Analysis/ Finite Element method (FEA/FEM). This is a
numerical form of analysis that allows stresses and
displacements to be identified.
The object to be studied is graphically simulated in a
computer in the form of a mesh, which defines the
geometry of the body being studied. This mesh is divided
by a process called discretization, into a number of sub
units termed elements. These are connected at a finite
number of points called nodes.
The results of FEM will be based upon the nature of the
modeling systems and for that reason, the procedure for
modeling is most important.
Basic steps involved in carrying out FEA are:
Conversion of geometric model into finite element model.
Assembly/Material Property data representation.
Defining the boundary conditions.
Loading Configuration.
Pre processing:
Construction of the Geometric model
The purpose of the geometric modeling phase is to
represent geometry in terms of points, lines, areas and
volume. Complicated or smooth objects can be represented
by geometrically simple pieces (Elements) [2].
This can be achieved by:3D – CT scanner: Usually done for modeling complex
structures or living tissues.
For example craniofacial skeleton, maxilla or mandible
3D – Laser scanner: Usually done for modeling inanimate
For example modeling of brackets.
A.Conversion of Geometric model to Finite Element
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Prasad Konda and Tarannum S A. / JPBMS, 2012, 16 (11)
Discretization is the process of dividing problem into
several small elements, connected with nodes.
All elements and nodes must be numbered so that a setup
of matrix connectivity is established. This greatly affects
the computing time. The elements could be one, two or
three-dimensional and in various shapes.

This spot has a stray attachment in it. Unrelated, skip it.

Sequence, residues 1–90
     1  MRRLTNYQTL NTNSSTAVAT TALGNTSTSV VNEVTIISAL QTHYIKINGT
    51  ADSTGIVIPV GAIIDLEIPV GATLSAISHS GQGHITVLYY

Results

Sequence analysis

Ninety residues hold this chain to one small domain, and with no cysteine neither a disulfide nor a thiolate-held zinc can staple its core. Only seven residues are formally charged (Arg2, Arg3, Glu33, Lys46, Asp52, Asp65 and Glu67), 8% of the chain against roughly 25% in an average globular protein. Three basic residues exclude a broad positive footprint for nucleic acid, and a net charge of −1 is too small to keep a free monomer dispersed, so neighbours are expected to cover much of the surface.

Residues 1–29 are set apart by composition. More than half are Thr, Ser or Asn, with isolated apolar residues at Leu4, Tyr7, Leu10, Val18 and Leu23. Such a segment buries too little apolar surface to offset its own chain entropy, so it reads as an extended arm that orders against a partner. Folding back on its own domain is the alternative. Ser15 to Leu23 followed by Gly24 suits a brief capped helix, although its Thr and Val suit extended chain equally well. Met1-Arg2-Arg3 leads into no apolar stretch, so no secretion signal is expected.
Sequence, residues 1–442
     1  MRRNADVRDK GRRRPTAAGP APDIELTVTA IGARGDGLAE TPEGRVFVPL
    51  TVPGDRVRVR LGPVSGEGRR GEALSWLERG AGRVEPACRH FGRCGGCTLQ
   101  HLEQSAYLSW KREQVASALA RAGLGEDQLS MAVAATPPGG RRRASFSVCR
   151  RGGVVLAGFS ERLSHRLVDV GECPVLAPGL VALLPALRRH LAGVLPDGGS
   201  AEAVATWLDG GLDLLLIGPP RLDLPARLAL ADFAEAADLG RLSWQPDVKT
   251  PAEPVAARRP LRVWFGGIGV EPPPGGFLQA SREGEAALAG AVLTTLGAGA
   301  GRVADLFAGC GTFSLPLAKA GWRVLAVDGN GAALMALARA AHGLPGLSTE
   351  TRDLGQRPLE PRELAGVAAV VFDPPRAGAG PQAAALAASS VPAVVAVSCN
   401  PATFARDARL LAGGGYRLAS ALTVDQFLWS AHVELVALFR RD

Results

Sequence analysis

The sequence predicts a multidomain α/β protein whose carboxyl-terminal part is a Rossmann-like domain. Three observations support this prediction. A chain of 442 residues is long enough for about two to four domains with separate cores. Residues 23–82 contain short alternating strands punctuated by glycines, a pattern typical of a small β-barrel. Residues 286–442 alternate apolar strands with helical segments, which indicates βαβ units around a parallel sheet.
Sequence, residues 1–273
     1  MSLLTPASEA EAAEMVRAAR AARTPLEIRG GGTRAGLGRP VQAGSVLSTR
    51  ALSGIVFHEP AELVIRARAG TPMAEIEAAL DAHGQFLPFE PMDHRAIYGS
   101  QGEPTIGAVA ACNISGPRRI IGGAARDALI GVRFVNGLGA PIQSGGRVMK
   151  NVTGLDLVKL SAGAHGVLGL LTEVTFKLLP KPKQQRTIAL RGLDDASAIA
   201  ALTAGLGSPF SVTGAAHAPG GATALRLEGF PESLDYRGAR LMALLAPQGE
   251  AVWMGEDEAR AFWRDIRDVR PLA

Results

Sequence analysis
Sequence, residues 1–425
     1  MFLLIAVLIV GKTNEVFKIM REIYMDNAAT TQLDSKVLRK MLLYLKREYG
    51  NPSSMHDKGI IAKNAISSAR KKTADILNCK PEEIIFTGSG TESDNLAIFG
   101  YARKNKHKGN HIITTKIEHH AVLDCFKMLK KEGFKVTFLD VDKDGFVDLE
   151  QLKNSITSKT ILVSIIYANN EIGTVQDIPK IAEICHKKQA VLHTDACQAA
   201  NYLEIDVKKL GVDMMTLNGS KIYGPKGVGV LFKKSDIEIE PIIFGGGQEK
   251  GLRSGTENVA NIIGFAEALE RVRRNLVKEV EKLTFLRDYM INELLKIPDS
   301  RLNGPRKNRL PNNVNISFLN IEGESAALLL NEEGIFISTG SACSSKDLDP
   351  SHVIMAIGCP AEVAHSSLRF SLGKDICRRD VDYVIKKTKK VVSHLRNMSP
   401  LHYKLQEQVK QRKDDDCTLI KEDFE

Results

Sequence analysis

It is essential that the elements are not overlapping but are
connected only at the key points, which are termed nodes.
The joining of elements at the nodes and eliminating
duplicate nodes is termed as ‘Meshing’.
B.Assembly / Material Property data representation:
Equations are developed for each element in the FEM mesh
and assembled into a set of global equations that model the
properties of the entire system. Minimum material
properties required are poisons ratio and young’s modulus.
Table 1: Material constants of Tooth, Alveolar bone, and Periodontal
ligament [2]
Young’s modulus(kg/mm2)
Poisons ratio
2.6 x 103
6.8 x 10-2
Alveolar Bone
1.40 x 103
C.Defining the Boundary Conditions:
Boundary conditions means that suppose an element is
constructed on the computer and a force is applied to it, it
will act like a free-floating rigid body and will undergo a
translatory or rotatory motion or a combination of the two
without experiencing deformation. To study its
deformation, some degrees of freedom must be restricted
(movement of the node in each direction x, y, and z) for
some of the nodes. Such constraints are termed boundary